Pentax K-1 Digital SLR
As a fan of “underdog brands”, I was pleased to see a new Pentax body (along with a new 70-200mm f/2.8 and 24-70mm f/2.8) added to our shelves, freshening up our Pentax selection. Outdoor shooters love Pentax for their ruggedness and dedication to weather-sealed builds. The K-1 follows the current trend of ditching the optical low-pass filter, which is great news for landscape, cityscape, and wildlife shooters who want maximum clarity and detail. When you need the low-pass filter, the K-1 has an Anti Aliasing Filter Simulator to combat those rare times you do see moiré aberrations.
The K-1 is a very forgiving piece of kit in more ways than just with moiré. It has Motion Correction, Diffraction Correction, Lens Aberration Correction, Fringe Compensation, SR II in-body shake reduction, and 4 Operation Assist Lights. The 36.4MP full frame sensor is a first for Pentax. Or is it? Learn more about Pentax’s fascinating first attempt at digital full frame here. Typical of full frame cameras is the relatively slower 4.4 FPS shooting speed but the K-1 still delivers with an ASP-C mode with up to 6.5 FPS.
Rent the Pentax K-1 because this camera has something for everyone (even 1080p video). It’s an especially ideal body for those who shoot in harsh environments.
Nikon 70-300mm f/4.5-6.3G ED AF-P VR DX Lens
2016 saw Nikon finally catch up to Canon’s 2012 with stepping motor technology in their lenses. Now that Nikon is taking DSLR video seriously, AF-P (pulse motor) lenses are available for crop sensor Nikon users (or shooters with full frame cameras that shoot in crop mode). What this means is silent autofocus – ideal for video but also handy for event, sports, and wildlife photographers.
Nikon is just getting started with AF-P lenses so, as of this writing, this lens is fully compatible only with the following bodies: D3400, D500, D5300 (firmware here), D5500 (firmware here), D3300 (firmware here). It will mount fine to other DX camera models but with limited AF-P functionality. This lens is purportedly the fastest-focusing DX telephoto Nikon has ever made. Users also get to enjoy image stabilization and the portability of a long-range lens that’s under a pound.
Join the silent ranks of stepping motor shooters and rent the Nikon 70-300mm f/4.5-6.3G AF-P lens. It also provides an extremely affordable opportunity for beginner crop sensor shooters to explore telephoto subjects.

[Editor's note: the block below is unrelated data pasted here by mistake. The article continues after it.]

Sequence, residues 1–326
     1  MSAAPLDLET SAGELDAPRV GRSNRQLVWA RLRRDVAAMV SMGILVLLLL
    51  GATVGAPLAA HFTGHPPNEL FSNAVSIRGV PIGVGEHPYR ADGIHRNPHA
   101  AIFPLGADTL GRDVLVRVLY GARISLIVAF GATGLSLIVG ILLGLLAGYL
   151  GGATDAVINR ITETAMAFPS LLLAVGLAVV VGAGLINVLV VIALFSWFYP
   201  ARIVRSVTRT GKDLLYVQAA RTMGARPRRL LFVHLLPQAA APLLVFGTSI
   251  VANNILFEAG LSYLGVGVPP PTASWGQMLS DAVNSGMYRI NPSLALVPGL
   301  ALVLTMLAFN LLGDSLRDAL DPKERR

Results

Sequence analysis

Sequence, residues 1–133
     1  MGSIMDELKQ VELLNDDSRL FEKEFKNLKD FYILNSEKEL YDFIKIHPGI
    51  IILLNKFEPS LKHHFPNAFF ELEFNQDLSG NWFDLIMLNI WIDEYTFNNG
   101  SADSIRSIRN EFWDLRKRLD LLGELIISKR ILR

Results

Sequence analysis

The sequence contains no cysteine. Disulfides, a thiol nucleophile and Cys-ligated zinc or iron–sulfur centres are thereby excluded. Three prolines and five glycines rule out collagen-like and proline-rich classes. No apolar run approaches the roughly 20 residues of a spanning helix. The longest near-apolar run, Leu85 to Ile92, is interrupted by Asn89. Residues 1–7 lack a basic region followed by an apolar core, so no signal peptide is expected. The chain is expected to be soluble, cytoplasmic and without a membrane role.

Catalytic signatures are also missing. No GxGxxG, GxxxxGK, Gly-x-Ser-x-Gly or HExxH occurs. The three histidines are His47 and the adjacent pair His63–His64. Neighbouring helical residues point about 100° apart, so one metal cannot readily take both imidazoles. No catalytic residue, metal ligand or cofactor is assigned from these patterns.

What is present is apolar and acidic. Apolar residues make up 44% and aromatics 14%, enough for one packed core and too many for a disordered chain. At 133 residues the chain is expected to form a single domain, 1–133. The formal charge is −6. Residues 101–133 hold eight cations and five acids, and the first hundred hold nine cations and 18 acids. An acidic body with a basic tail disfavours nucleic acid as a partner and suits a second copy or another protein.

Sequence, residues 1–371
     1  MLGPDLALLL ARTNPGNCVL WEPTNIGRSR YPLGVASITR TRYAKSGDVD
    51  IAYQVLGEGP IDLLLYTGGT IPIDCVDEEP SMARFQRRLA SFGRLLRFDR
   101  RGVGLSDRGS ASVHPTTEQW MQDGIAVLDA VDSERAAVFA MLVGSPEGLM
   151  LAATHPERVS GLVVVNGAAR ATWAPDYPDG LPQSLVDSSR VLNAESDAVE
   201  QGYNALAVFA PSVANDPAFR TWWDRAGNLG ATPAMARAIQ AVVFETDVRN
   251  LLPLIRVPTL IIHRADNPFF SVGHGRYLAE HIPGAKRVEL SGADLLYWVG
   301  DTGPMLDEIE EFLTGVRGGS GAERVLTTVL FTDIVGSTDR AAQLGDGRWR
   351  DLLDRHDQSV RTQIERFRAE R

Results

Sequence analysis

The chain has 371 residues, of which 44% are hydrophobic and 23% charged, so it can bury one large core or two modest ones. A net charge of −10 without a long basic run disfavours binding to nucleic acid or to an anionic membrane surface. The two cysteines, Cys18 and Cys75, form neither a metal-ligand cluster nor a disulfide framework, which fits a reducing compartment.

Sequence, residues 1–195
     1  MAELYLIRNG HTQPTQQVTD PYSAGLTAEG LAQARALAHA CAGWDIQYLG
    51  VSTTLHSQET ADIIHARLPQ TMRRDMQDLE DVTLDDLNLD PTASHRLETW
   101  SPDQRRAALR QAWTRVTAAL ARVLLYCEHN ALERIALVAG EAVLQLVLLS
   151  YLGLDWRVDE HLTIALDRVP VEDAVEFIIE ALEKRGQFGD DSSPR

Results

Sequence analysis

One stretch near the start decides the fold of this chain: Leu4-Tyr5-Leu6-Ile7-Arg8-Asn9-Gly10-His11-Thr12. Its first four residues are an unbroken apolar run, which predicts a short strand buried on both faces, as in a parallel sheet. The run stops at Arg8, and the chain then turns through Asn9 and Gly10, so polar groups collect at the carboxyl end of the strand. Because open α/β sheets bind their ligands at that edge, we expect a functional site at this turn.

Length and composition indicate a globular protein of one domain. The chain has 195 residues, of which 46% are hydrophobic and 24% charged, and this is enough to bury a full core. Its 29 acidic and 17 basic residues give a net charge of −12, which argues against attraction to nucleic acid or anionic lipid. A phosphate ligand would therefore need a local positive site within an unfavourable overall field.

RED DSMC2 Line
Getting our first RED at BL was a very big deal. Thanks to RED’s giant 2016 release, we now rent 6 different RED models. How far we’ve come! You’ll say the same if you give yourself the opportunity to rent one of these for your own project. While RED is still very much for the pro user, they are getting more approachable.
RED continues their modular design and maintains their intense naming scheme with the Helium sensor inside the EPIC-W 8K and WEAPON 8K and the Dragon sensor in the WEAPON 6K (which will be getting an upgrade to the DRAGON 8K VV sensor later), the RED Scarlet-W 5K, and the RED RAVEN 4.5K. Of these, the RED RAVEN is the most “affordable” and sports the smallest form factor of any RED camera (it weighs only 3.5 lbs). RED doesn’t want to be left out of the drone boom.
New Sigma Art Lenses
At the risk of sounding hyperbolic, I think the Sigma Art series is the best thing to happen to photography in last few years. These lenses are more affordable than many of their competitors and every bit as good – if not better. They feel good, look good, and are sharp. They even have a cool name: Art!
Joining 2014’s 50mm and 2013’s highly-praised 35mm, 2016 blessed us with 2 new Art primes: the Sigma 20mm f/1.4 and the long-anticipated Sigma 85mm f/1.4. Worth noting are the releases of a few new zooms as well: the Sigma 12-24mm f/4 and the Sigma 50-100mm f/1.8 (which is for crop sensors only). The 20mm boasts suppressed edge blur, coma, and other aberrations – ideal for night sky shooters. It also can withstand a large range of temperatures, which might be handy if shooting time-lapses overnight in a cold environment. For the 85mm, I hope you use a tripod because this lens is big and heavy. I wasn’t able to create my own Imatest results, but the Sigma 85mm is plenty blogged about and appears to handily beat the older, but revered, Canon 85mm f/1.2L II in sharpness and autofocus speed.